We don’t all live where it’s possible to grow peaches, or lots of other fruits and veggies. Where I reside, the growing season is extremely short but for the past four years has been even shorter than usual. We can’t plant anything outdoors until mid-June and sometimes we have our first frost in September. Not enough time to grow a cuke much less a peach tree – and have it survive.

I don’t believe in global warming, never did buy that story but that’s just me, and greenhouse gasses are just ridiculous in concept. We have enough oil and water in america, which has yet to be tapped, to keep us going for a long, long, long time. The universe knows how to take care of itself and if man would just stay out of it, things would probably go much better in the long run. The global warming/greenhouse gas agenda is all about re-arranging money in the gubmint system, from one enterprise to another – within the system.

$39 per half bushel! I have trouble convincing myself to pay more than $10 per half bushel and I usually am not successful in doing so.

We have a few of our own peach trees, but with seven children, we can always do with more peaches.

We live in an area of South Central PA which was hailed by the likes of Thomas Jefferson as THE greatest peach producing area of the country, and I still feel like our peaches here are above and beyond anything Georgia could offer. Add into that equation the fact that these peaches are ripened on the tree in the sun and WATCH OUT, these puppies have flavors you may never have experienced before!

I get upset when I see apples from Chile and Washington in the grocery store. Adams County, PA (home of Gettysburg) is the Apple Capitol of the US. Is the import / export price difference really that much better that we should ship all of our apples to China just so that we can buy inferior apples from Guatemala?

Living in South-western Ontario, I’m surrounded by orchards, all within 50 miles. A great day trip is to go to one of the many farm gate locations for peaches, peach jams, and, on one glorious occasion, we sipped coffee and waited for the peach pies to finish baking in an Amish wood stove. Right now, it’s the best of the peaches, the Red Haven. Sitting on porch steps, biting into a perfectly ripe peach is one of the best experiences of summer.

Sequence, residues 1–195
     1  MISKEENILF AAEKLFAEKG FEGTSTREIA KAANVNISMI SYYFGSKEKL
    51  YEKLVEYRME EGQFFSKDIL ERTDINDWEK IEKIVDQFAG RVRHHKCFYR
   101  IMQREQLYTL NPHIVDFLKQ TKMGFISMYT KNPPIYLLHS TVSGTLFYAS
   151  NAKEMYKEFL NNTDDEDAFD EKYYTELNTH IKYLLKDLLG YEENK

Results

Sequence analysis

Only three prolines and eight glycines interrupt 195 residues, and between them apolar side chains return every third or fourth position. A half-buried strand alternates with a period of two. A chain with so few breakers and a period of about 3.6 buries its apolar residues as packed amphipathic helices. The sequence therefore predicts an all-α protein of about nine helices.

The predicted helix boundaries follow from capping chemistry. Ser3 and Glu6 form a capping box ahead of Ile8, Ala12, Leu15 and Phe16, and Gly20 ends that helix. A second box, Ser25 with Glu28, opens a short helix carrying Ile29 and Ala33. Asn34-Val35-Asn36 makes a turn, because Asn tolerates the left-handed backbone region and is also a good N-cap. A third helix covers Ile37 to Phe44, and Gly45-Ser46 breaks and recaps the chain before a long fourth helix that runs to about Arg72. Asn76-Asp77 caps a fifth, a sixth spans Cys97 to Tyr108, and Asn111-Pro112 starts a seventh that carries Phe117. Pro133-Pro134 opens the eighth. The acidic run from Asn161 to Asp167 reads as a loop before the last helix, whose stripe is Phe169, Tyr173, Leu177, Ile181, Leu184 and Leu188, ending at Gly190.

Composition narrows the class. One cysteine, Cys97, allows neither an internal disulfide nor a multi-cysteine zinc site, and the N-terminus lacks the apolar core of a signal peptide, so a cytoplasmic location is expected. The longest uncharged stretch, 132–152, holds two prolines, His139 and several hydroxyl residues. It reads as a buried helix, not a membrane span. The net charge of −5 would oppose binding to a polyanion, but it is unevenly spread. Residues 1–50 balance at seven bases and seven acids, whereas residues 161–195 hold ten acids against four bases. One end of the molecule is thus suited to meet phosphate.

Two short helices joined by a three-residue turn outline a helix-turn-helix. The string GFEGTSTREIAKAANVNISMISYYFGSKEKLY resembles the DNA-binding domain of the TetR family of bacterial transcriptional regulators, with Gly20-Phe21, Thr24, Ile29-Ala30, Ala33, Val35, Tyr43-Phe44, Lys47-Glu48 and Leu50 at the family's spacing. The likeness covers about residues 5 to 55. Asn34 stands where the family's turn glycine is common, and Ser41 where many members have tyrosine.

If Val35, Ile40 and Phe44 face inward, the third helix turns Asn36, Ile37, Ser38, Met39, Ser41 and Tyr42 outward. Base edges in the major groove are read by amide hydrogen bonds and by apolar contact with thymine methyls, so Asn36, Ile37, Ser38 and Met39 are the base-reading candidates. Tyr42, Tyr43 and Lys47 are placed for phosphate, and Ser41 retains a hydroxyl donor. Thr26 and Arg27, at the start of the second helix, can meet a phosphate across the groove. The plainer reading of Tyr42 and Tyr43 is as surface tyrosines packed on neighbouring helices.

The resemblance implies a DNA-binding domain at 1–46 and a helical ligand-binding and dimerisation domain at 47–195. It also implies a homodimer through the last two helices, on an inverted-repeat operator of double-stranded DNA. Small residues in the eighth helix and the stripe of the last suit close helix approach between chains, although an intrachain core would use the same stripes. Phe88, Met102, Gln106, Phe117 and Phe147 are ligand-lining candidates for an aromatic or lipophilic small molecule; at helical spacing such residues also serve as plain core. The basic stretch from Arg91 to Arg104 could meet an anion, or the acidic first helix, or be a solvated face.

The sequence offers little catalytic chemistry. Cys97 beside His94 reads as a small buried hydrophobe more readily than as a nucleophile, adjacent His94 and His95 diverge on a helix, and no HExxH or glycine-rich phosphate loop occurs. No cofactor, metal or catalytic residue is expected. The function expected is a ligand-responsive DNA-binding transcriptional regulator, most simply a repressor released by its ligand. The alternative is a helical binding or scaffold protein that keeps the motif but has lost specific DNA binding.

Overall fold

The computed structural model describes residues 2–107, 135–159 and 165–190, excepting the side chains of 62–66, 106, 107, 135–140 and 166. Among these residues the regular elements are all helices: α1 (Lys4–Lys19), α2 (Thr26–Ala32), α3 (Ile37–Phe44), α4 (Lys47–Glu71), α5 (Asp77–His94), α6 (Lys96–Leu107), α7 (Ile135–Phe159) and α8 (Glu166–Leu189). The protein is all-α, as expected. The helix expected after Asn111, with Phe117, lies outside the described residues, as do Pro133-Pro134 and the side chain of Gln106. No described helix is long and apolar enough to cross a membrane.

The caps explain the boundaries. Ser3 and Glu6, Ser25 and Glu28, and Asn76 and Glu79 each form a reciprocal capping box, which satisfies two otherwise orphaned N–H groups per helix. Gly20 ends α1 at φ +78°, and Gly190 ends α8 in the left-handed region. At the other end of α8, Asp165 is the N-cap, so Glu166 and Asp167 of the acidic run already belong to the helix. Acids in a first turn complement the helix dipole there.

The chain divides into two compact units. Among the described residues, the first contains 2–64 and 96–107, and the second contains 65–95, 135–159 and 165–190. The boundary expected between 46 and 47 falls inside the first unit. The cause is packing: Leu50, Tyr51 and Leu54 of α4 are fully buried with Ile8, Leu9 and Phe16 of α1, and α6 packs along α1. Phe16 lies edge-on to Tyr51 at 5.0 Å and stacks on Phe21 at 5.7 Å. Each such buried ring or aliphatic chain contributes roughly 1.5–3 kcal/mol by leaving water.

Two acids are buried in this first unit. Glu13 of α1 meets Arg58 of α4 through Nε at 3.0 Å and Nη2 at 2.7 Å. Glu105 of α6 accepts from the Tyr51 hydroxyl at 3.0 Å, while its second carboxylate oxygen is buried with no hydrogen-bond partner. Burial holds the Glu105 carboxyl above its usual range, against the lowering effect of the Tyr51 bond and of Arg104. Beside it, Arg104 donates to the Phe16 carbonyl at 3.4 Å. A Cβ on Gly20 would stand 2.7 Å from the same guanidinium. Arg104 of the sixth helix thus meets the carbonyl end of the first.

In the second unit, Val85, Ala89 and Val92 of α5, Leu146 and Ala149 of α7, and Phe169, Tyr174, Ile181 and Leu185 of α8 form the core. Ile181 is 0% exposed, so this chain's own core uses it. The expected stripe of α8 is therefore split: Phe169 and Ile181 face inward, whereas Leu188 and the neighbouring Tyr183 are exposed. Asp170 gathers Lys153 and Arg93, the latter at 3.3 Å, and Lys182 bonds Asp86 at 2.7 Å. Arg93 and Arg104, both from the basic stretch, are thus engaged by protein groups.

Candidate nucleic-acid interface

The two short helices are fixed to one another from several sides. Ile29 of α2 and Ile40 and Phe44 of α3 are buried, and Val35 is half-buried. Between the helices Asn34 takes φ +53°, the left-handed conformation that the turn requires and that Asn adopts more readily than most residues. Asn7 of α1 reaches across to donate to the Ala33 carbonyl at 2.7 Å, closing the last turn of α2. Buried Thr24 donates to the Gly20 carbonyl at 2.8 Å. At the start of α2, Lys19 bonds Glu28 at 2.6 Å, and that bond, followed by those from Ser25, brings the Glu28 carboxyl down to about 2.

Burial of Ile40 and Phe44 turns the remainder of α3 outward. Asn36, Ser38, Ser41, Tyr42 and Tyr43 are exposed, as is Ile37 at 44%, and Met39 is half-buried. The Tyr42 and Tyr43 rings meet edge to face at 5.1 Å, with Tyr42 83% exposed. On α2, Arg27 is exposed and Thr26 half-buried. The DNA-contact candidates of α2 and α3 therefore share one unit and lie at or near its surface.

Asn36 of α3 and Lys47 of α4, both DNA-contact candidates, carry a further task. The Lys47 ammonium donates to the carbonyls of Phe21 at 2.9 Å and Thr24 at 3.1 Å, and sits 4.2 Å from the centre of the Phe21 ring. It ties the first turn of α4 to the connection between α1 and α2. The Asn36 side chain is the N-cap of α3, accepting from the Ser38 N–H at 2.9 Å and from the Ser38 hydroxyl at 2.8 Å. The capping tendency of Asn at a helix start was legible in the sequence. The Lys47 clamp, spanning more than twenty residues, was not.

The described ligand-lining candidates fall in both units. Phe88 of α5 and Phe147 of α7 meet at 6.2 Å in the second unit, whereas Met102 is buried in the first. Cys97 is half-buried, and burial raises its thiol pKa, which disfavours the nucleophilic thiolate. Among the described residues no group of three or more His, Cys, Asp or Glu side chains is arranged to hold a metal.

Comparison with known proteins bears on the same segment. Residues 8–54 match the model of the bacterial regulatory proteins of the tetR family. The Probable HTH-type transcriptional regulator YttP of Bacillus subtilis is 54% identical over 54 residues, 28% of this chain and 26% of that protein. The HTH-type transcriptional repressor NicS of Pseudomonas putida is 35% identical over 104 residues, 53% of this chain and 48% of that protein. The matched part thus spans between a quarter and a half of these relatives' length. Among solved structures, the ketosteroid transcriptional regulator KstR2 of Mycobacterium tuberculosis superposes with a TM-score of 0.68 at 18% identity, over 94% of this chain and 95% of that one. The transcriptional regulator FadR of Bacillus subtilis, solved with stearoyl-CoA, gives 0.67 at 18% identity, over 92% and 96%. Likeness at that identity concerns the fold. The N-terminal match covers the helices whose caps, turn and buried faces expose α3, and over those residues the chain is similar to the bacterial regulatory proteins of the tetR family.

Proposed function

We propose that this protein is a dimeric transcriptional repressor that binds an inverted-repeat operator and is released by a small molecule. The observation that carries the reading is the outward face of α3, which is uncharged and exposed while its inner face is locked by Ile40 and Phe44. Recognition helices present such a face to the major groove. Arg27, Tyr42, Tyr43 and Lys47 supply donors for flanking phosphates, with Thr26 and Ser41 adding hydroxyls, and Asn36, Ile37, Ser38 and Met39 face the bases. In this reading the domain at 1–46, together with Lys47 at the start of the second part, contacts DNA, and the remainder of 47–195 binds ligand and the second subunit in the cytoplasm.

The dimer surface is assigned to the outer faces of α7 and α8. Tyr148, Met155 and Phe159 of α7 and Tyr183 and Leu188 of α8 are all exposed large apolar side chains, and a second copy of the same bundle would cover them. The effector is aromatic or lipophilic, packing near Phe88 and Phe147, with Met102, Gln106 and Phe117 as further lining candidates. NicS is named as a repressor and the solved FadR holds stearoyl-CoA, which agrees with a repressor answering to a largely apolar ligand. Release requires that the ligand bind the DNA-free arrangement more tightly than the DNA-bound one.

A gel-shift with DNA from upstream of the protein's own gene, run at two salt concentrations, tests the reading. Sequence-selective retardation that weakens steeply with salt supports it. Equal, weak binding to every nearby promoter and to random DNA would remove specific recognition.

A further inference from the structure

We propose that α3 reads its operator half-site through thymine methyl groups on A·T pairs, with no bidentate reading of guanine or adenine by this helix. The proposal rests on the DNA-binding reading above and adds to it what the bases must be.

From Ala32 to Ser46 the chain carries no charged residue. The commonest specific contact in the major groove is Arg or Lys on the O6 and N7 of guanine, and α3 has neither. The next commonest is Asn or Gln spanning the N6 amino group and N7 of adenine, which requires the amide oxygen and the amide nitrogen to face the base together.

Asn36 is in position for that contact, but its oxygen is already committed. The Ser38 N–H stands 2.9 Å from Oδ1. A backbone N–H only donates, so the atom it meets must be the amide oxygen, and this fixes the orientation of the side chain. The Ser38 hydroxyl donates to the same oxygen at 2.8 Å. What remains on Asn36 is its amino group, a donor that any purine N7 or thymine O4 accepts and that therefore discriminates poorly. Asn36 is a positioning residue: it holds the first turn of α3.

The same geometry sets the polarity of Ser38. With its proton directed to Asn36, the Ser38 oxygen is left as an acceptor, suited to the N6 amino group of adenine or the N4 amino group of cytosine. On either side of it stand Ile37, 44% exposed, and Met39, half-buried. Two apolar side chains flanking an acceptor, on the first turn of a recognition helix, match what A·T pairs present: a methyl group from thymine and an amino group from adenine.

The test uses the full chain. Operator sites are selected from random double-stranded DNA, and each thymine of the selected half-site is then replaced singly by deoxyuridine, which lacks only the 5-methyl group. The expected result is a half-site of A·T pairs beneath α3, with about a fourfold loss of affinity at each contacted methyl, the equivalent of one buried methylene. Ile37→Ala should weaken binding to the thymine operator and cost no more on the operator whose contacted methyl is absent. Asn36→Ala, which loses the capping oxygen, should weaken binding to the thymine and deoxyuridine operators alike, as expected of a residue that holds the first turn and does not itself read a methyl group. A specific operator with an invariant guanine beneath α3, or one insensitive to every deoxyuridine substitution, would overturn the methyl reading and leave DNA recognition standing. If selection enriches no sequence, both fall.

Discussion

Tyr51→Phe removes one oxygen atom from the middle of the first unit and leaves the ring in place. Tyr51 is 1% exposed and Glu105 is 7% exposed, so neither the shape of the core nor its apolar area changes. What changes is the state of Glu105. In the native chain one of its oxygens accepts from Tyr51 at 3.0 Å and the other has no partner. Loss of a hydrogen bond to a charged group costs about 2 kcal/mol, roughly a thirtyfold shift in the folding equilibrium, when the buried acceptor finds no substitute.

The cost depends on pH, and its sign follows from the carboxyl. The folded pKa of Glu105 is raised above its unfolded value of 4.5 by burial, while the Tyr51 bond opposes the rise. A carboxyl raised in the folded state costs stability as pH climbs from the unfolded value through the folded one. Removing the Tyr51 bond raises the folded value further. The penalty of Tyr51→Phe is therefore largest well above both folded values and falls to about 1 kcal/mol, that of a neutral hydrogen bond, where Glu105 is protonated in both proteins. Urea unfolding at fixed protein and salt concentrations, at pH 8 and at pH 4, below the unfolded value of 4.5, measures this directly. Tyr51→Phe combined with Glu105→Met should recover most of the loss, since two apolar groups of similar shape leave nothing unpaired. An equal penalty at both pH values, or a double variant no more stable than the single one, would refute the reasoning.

Our local economy here in Central and Eastern Washington State is based largely upon fruit, beef, hops for beer, wine and juice from locally grown grapes and vegetables. The residents in Central and Eastern Washington are simply too few to consume all of this bounty. The supporting industry technology , such as keeping apples in cold storage in a large room essentially free from Oxygen, means that apples can be sent worldwide and the customer can reasonably expect to bite into a crunchy and tasty apple if the store keepers do their part to maintain quality before the apples are sold. Nevertheless, all of us locals enjoy the opportunity to harvest tree ripe or vine ripe fruits berries grapes etc. which are simply too ripe to ship. So to a regional economy based upon agricultural products shipped around the world such as ours, if everyone ate truly locally, it would mean our regional economy would probably collapse. So a local food movement, while commendable, should also recognize the very real potential for unintended consequences, as in causing economic collapse of regions economically based upon agricultural products for shipment worldwide.

The winds of what is commonly thought to be environmentally, socially and political correct in regard to local food are known to shift at almost random intervals. For example: author Marc Reisner ( I think he is now deceased) in his 1986 bok “Cadillac Desert” lambastes the western America practice of raising irrigated pasture and alfalfa to feed cattle because (summarize paraphrase follows):